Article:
A case from the past that well illustrates the phenomenon of black racially enraged killers and rapists was a vicious gang led by one Michael Corbett, a Ft. Carson soldier who the investigating detective would later call “one of the most dangerous men I’ve ever met.”
A textbook psychopath, Corbett began his crime spree while still in the army, running over a fellow soldier with a tank to settle a grudge.
“He was completely without a conscience,” police detective Smit asserted, “and he could turn on and off like a switch. There was no telling what might trigger him. He was a very gung-ho military type, who took his training very seriously and prided himself on his martial arts skills. That might be why the army brass accepted his story that the tank episode was an accident.”
Once discharged, Corbett began gathering a flying monkey posse of sick and twisted followers, most notably his roommates Freddie Glenn and Larry Dunn. They were drawn to Corbett by his cold-blooded antics and his addled rants of black revenge.
Also a member of the gang was Winslow Watson, a former military G.I. who ended up in the morgue after crossing Corbett by stealing a loaf of bread from some next-door neighbors.
A string of capricious serial killings in 1975 against white victims was carried out by Corbett and his crew. That growing list of victims also included Daniel Van Lone, the white hotel cook who, after being robbed, was summarily dispatched in the woods when the infuriated killers found only 50 cents in his pocket.
Eight days later on June 19, 1975, the pair met Winfred Proffitt, 19, a white Fort Carson soldier, ostensibly to sell him some marijuana. Training with bayonets, Corbett stabbed Proffitt with one to see what it was like.
Another of their victims was Karen Grammer, the 18-year-old sister of later to-be famous actor Kelsey Grammer. She was plucked on July 1, 1975, from the front of a Colorado Springs restaurant were the gang botched a robbery attempt. She was taken to an apartment, raped for hours and then left in an alley with her throat cut by Freddie Glenn.
The black cashier they tried to rob and spared who was in the restaurant got a much better view of the perps than Grammer did out in the dark parking lot.
Det. Smit and his colleague, a young prosecutor named Chuck Heim, had taken the first steps down a bloody trail left by the ruthless killers.
“We had a couple of other cases — a cab driver killed at Fort Carson and another soldier gunned down at a rest stop 10 miles from the base — but we were never able to make those stick,” he recalled. “As it was, we had plenty to keep us busy anyway.”
The investigation broke wide open when Det. Smit was able to elicit a confession from Larry Dunn, the gang’s junior partner, after persuading New Orleans authorities to arrest him on an unrelated crime.
“We had seven murders we were looking at by that time,” Smit recalled, “and Chuck Heim offered Dunn immunity in exchange for his testimony. He told us the whole thing, sitting there in the New Orleans House of Detention, beginning with Van Lone, who had begged for his life as Corbett forced him to lie on the ground and then put a .38 to his right temple and pulled the trigger.”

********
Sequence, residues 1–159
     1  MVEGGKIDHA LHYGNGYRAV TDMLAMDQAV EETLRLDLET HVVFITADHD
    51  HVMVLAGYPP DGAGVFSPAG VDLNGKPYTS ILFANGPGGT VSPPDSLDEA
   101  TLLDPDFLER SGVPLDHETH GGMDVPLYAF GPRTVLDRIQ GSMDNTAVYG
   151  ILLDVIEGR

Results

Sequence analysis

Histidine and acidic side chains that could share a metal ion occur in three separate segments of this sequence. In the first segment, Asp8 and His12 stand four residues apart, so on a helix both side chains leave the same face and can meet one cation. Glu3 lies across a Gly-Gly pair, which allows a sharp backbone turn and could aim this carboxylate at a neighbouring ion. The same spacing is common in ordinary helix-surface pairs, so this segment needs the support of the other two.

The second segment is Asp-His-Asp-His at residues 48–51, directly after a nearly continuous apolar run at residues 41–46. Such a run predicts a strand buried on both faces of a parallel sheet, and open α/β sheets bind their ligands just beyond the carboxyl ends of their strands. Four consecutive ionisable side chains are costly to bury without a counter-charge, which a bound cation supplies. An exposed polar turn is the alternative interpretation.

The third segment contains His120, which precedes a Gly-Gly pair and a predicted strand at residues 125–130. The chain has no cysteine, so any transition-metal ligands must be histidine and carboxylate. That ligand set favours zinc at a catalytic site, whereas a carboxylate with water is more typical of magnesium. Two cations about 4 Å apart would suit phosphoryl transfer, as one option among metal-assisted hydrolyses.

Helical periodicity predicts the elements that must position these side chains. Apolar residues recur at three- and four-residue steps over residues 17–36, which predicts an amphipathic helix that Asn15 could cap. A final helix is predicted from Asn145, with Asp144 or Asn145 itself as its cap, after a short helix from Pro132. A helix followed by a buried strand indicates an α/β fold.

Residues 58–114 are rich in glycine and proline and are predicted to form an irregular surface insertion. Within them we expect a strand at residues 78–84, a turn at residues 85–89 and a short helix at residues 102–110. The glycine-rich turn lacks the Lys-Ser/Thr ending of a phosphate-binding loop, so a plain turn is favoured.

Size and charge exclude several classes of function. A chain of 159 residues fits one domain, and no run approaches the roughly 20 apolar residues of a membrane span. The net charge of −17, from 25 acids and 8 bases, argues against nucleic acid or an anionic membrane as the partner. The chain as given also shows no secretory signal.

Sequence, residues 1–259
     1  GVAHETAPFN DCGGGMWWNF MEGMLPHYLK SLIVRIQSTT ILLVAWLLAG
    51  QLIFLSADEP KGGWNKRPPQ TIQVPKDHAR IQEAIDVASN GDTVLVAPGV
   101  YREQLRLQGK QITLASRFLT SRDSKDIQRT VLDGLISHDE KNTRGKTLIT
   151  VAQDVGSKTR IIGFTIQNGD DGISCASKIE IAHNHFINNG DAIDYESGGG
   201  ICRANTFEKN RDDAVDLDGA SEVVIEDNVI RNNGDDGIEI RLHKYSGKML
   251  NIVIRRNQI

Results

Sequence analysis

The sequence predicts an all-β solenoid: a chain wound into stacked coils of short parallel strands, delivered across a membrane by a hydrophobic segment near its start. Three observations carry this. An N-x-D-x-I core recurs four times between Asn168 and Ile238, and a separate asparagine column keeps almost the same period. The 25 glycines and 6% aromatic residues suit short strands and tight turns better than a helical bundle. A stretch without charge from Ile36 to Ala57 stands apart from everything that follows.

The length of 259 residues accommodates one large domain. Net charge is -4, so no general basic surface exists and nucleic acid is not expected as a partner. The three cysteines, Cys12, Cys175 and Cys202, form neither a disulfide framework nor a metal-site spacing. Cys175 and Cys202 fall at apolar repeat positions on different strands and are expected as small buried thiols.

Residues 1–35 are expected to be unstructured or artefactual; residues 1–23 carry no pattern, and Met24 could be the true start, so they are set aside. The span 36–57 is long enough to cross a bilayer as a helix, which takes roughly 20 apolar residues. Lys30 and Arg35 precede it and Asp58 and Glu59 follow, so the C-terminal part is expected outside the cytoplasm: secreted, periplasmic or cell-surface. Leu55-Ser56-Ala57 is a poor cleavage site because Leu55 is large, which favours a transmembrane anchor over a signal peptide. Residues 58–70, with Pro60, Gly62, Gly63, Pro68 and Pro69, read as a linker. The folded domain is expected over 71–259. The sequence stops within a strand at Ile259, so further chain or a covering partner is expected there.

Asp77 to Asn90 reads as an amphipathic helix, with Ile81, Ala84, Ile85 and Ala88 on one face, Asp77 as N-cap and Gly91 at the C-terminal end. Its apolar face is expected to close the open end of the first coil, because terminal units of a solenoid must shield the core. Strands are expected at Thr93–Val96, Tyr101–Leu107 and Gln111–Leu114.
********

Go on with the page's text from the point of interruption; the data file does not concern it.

Dunn’s recollection of Corbett’s exultant comment as they drove away: “Did you see that motherfucker jump when I shot him?”
Corbett died of a heart attack in prison on June 25, 2019.
Glenn is still serving time.
These psychopaths really look the part. Dunn managed to escape long incarceration, and served a brief sentence for theft.
Corbett and Glenn were originally sentenced to death, but they were resentenced to life in prison with the possibility of parole after 10 years when the U.S. Supreme Court overturned all existing death sentences in 1979, NBC News in Colorado reports. From ’79 until recently, they were eligible for parole every five years. Now, it’s every three years.
Corbett had another parole hearing slated for 2020, according to the Colorado Department of Corrections.
NOTE – Invisible Theme Park: “On April 24, 1968, Kelsey and Karen Grammer’s father, 38 year Frank Allen Grammer, Jr., was gunned down and murdered. He was a Virgin Islands newspaperman.
The details mainstream media does not report is that Grammer’s father was killed by a “virulently anti-white” creole man, Arthur Bevan Niles, as part of a nearly month-long frenzy of “racially motivated violence.” According to a newspaper report dated April 26, 1968, Niles’ “cab was ordered off the streets [by police] because it was covered with such statements as ‘Kill the white pigs.’”
Niles also tried to burn down a house and two rental cars at the Cyril E. King Airport (then named the Harry S. Truman Airport). In addition, Niles placed a bomb in the St. Thomas offices of the International Telephone and Telegraph Co. The bomb did not explode.